Part 2 of this year’s Global Monitoring Report analyses major demographic shifts that will shape economic growth and development for decades to come. The world's population growth has slowed markedly. At the same time the global working-age share peaked in 2012 and is now declining with seismic implications.
Population trends vary widely among countries and regions. The centers of global poverty will experience increases in working-age populations, offering the opportunity to reap a demographic dividend from rising incomes. However, many of these countries are plagued by conflict and fragility, and will need to accelerate job creation and investment in human capital to seize the advantage their young populations afford them.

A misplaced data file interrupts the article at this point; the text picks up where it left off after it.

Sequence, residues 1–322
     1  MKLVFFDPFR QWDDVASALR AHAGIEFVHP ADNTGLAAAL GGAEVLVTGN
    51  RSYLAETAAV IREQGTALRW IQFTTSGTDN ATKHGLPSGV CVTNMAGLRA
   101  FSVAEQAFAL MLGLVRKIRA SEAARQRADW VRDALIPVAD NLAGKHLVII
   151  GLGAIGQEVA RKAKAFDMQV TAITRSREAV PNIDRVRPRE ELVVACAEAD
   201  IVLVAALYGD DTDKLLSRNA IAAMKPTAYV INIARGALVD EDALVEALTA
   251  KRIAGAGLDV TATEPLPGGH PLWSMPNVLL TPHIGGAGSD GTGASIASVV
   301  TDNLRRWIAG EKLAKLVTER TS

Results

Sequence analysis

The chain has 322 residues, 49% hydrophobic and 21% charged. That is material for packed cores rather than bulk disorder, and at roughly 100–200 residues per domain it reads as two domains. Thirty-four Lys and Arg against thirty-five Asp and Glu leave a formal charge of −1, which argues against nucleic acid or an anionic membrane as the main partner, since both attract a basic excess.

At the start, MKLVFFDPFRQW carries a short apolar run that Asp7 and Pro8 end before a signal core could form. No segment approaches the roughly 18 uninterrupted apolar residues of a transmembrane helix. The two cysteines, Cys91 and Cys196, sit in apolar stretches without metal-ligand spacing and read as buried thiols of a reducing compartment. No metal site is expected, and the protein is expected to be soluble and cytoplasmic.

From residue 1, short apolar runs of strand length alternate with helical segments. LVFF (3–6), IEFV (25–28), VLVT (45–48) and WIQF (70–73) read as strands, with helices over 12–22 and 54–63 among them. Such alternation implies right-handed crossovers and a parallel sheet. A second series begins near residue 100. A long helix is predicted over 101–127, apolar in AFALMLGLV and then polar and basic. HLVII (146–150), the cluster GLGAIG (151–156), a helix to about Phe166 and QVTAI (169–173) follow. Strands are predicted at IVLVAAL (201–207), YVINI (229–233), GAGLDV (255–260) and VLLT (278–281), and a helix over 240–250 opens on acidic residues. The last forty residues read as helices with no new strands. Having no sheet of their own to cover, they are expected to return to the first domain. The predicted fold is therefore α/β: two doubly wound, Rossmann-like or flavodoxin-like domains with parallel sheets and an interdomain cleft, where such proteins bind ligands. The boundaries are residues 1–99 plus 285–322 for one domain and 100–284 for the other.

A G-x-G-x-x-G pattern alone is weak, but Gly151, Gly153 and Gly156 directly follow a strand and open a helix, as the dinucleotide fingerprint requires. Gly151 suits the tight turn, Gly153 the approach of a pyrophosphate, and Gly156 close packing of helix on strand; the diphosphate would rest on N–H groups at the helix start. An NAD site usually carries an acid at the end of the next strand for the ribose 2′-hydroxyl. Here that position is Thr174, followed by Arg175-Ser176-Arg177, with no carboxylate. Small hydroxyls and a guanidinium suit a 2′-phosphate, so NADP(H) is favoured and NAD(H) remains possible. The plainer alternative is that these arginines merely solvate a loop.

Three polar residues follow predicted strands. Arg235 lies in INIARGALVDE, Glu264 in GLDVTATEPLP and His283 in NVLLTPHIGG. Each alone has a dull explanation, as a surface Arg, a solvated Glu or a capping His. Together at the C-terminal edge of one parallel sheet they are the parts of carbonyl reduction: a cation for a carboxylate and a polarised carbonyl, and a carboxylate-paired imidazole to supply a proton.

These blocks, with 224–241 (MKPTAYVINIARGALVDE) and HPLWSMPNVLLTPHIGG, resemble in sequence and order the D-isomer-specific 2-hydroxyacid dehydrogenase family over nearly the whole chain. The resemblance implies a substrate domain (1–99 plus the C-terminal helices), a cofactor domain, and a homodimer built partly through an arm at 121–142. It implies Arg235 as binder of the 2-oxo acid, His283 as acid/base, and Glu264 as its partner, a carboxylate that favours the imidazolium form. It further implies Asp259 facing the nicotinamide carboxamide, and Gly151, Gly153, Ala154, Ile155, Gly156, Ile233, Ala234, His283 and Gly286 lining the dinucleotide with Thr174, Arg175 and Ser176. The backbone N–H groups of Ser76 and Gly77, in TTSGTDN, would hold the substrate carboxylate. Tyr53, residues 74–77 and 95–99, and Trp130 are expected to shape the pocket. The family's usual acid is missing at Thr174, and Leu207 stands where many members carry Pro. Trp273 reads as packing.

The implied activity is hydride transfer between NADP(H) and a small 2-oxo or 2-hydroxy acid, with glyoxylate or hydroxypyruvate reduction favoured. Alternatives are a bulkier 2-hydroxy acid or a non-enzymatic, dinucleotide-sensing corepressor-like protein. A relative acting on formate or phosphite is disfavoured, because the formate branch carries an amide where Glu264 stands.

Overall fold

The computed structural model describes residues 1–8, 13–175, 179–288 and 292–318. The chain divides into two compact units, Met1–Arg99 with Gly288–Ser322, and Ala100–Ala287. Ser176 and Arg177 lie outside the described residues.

In contrast, the engines of global growth are aging rapidly and many will experience outright population contraction alongside dwindling working-age shares. These countries must cement economic gains by boosting productivity, taking steps to increase labor force participation, and adopt fiscally sustainable old-age support systems.
The report classifies countries according to where they stand on the demographic spectrum and recommends appropriate policies at each stage. It also urges policy makers to ensure openness to flows of labor, trade and capital to smooth population imbalances.